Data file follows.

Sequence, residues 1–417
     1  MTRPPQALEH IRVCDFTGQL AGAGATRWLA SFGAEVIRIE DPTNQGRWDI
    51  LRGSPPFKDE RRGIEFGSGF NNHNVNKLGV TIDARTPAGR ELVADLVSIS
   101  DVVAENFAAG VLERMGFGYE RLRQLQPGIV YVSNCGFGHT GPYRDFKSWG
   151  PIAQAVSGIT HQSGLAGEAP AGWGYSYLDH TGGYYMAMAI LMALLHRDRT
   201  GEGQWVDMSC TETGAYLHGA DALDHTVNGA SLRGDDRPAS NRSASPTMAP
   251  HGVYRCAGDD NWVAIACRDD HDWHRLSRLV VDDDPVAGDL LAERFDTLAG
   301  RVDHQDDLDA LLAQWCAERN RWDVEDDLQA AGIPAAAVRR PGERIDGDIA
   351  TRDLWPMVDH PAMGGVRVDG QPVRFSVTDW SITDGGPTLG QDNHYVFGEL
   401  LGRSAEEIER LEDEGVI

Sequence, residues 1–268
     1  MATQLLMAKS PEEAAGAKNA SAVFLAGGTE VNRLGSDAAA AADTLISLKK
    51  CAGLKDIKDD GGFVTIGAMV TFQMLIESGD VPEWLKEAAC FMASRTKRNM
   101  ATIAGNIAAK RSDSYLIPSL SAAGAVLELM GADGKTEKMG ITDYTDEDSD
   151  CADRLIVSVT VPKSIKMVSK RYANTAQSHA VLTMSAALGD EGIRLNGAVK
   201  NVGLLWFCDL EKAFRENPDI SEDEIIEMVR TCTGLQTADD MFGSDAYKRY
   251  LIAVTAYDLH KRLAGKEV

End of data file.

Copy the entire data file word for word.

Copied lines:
Sequence, residues 1–417
     1  MTRPPQALEH IRVCDFTGQL AGAGATRWLA SFGAEVIRIE DPTNQGRWDI
    51  LRGSPPFKDE RRGIEFGSGF NNHNVNKLGV TIDARTPAGR ELVADLVSIS
   101  DVVAENFAAG VLERMGFGYE RLRQLQPGIV YVSNCGFGHT GPYRDFKSWG
   151  PIAQAVSGIT HQSGLAGEAP AGWGYSYLDH TGGYYMAMAI LMALLHRDRT
   201  GEGQWVDMSC TETGAYLHGA DALDHTVNGA SLRGDDRPAS NRSASPTMAP
   251  HGVYRCAGDD NWVAIACRDD HDWHRLSRLV VDDDPVAGDL LAERFDTLAG
   301  RVDHQDDLDA LLAQWCAERN RWDVEDDLQA AGIPAAAVRR PGERIDGDIA
   351  TRDLWPMVDH PAMGGVRVDG QPVRFSVTDW SITDGGPTLG QDNHYVFGEL
   401  LGRSAEEIER LEDEGVI

Sequence, residues 1–268
     1  MATQLLMAKS PEEAAGAKNA SAVFLAGGTE VNRLGSDAAA AADTLISLKK
    51  CAGLKDIKDD GGFVTIGAMV TFQMLIESGD VPEWLKEAAC FMASRTKRNM
   101  ATIAGNIAAK RSDSYLIPSL SAAGAVLELM GADGKTEKMG ITDYTDEDSD
   151  CADRLIVSVT VPKSIKMVSK RYANTAQSHA VLTMSAALGD EGIRLNGAVK
   201  NVGLLWFCDL EKAFRENPDI SEDEIIEMVR TCTGLQTADD MFGSDAYKRY
   251  LIAVTAYDLH KRLAGKEV